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Guest article by Dr. Sumit Seth Introduction: This book ("Review of Forensic Medicine") has been written to inculcate students with a robust study technique called Retro-Analysis. Retro-Analysis ensures active learning and builds up “cognitive muscles” that help students separate confuzers (incorrect choices that resemble the correct answers) from correct answers, thereby providing the fundamental skills required for taking any multiple choice exam successfully. The One-Two-One Sandwich Regime: The best way to study this book, or any subject, is to follow this highly rewarding study regime, where Retro-Analysis plays a central role. A student should study each topic, chapter, or module in three stages, creating a “sandwich” formation in terms of assigned time, where the ratio presents the sequence 1:2:1 for steps I, II and III, as described below: I. First Stage– Anterograde Reading, a first sequential reading of the text. II. Second Stage–Retrograde Analysis* (see below). II…

Pour strong medicine: Government must move quickly to replace MCI, India’s failed medical regulator

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The scathing indictment of Medical Council of India (MCI) which regulates medical education and professional practice, by Parliament’s Standing Committee on Health, was long overdue. Health matters to everybody and no matter how much money government spends on this sector, much of it will be wasted if we have too few doctors, huge regional imbalances in their distribution and serious question marks on the quality of their medical education. Blaming MCI for “total system failure” in the medical education system, the 31-member parliamentary committee, in its 92nd report, has rightly called for restructuring it altogether by junking the “outdated” 1956 legislation that governs it, and asking for a new law “at the earliest”. The report’s findings are alarming. First, India has far fewer doctors than the WHO recommended minimum doctor population ratio of 1:1000. Second, six states with 31% of the population account for 58% of MBBS seats, while eight states with 46% of Indians have just 21…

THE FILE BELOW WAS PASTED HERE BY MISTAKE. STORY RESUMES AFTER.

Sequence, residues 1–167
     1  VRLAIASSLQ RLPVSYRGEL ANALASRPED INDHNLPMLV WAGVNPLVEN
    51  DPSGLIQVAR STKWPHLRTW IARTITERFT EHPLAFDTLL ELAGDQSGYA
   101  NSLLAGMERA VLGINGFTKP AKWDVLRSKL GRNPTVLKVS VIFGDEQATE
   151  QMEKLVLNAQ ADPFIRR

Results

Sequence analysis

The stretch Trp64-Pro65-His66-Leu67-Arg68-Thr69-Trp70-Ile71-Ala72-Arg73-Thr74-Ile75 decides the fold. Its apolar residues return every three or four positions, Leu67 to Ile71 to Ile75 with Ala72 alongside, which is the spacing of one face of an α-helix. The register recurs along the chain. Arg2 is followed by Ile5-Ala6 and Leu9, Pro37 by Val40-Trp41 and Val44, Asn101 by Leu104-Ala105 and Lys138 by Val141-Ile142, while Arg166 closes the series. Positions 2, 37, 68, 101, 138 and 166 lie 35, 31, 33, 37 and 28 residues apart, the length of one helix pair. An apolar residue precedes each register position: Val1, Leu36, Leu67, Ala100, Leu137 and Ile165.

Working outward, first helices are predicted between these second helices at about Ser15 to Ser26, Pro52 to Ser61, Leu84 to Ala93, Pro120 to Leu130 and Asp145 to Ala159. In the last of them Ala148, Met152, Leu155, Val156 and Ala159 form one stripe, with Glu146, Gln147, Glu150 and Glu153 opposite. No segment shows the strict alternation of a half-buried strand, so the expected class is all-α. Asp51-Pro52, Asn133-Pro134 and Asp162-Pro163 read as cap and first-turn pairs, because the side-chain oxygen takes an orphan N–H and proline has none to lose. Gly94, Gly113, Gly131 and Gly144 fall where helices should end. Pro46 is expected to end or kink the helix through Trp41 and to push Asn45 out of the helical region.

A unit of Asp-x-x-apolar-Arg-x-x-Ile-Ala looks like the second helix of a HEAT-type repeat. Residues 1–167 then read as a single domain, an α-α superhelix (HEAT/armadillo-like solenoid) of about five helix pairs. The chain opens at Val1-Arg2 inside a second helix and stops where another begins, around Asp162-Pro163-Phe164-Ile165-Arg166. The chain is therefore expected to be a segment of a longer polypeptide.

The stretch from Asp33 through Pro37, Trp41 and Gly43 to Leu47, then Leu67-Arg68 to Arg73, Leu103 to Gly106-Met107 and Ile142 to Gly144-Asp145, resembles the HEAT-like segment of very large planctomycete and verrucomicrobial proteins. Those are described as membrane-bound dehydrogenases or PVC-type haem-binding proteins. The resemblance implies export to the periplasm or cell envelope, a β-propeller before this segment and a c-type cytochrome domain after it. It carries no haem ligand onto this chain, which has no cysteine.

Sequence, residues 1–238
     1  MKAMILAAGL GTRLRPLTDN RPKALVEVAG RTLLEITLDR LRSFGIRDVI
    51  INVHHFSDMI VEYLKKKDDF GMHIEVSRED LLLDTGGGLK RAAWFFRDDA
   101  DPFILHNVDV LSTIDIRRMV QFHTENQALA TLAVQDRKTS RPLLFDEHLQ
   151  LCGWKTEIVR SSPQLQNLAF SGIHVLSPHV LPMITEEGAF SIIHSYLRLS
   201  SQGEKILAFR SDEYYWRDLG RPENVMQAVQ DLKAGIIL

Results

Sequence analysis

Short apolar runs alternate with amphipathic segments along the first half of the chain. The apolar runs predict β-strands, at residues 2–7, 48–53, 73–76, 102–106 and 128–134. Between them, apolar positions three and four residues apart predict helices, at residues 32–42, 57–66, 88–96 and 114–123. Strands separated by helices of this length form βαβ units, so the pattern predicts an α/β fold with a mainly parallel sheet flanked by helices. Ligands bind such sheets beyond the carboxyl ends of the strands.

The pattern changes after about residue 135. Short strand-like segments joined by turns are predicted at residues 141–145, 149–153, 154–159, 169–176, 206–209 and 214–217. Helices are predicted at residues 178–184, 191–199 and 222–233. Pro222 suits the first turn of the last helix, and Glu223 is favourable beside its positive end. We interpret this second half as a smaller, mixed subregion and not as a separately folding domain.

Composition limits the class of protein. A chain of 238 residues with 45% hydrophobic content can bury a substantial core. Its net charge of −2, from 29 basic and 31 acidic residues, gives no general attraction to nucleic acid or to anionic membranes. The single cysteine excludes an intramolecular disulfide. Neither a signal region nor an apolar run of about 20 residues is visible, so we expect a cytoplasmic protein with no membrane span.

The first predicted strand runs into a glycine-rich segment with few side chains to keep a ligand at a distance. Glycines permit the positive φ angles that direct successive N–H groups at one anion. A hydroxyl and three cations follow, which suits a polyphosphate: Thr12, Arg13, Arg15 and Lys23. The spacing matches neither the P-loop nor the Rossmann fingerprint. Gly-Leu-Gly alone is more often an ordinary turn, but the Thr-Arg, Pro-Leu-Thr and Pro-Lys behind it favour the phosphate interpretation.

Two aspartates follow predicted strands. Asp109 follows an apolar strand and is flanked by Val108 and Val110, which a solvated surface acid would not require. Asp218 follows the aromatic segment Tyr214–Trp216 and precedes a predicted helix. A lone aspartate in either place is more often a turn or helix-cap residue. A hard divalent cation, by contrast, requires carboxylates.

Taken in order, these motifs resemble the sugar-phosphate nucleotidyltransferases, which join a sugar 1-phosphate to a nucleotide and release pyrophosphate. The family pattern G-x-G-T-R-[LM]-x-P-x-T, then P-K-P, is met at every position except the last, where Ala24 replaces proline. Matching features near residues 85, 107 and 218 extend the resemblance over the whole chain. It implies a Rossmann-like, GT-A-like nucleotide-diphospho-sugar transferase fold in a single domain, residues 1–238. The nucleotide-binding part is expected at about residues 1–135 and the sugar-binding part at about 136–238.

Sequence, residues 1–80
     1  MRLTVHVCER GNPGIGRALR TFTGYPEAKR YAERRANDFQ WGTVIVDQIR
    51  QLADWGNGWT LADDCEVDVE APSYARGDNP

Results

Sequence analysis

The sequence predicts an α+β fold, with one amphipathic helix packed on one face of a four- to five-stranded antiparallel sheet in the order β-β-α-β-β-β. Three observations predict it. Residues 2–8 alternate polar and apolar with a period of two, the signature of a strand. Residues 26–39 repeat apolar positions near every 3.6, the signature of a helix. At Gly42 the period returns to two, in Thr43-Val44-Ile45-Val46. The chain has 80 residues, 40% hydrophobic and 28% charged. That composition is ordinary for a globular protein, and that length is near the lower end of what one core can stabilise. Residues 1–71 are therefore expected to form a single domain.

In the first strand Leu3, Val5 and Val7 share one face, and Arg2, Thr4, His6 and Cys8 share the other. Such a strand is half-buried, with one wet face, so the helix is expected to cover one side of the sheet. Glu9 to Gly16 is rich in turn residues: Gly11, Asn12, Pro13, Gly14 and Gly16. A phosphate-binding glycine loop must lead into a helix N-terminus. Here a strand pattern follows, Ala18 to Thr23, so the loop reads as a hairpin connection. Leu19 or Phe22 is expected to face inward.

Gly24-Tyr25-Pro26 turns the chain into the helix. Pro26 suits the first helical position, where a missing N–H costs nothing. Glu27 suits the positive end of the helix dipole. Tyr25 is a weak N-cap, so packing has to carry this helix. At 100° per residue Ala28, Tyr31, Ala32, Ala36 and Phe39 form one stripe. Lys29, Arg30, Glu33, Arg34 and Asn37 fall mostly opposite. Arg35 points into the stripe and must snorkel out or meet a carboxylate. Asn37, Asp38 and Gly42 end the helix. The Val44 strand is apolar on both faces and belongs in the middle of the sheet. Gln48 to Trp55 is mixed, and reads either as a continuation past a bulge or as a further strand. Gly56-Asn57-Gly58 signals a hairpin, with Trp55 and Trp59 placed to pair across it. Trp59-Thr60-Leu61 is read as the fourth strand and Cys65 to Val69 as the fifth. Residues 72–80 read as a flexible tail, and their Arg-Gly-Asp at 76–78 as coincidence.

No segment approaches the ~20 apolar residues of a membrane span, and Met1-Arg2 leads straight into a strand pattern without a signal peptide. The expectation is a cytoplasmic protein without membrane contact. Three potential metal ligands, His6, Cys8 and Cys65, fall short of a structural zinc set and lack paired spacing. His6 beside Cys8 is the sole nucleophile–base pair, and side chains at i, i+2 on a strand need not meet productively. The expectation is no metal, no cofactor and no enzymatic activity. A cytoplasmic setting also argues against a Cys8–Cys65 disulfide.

Strategy to Crack May AIIMS 2016

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Guest article by Dr. Devesh Mishra

( NOTE:- May -AIIMS will be expected to have more image based MCQs ,so keep your focus on “Image Based MCQs” and related concepts. )
■■■■■■■■■■■■■■■■■■■■■■■■ ● First of all try to observe latest 5 years MCQs of AIIMS.
(Just for observation and planning before you start, so that you can understand their pattern and while studying you can focus on those TOPICS/concepts.)
■ Try to focus on ALL INDIA/AIIMS/PGI EXAM 10 yrs. MCQ with explanation and revise it regularly for 3 to 5 times (best method of preparation).
■ More detail study of recent 5 years MCQ will be better approach.
(CAUTION:- It is preferable to prepare like this and read MCQ references from your text books also ( NOTE--- read only that particular topic and heading not entire chapter)
■ Read/ search controversial points from standard text books only.
■ This method will keep your focus on important topics and you will not be distracted ).
■ Don’t get panic about AIIMS- exam pattern. You need to follow…

Doctors threaten to move court against 3-years bond in West Bengal

Doctors who have gained admission in postgraduate and post-doctoral courses in West Bengal through all-India quota have threatened to move court against the 3-years bond in West Bengal. Currently candidates have to sign a bond of working for at least three years in superspeciality hospitals in West Bengal after passing their exams, failing which they have to pay rupees thirty lakhs as penalty. Doctors have termed this bond as discriminatory and have questioned its validity.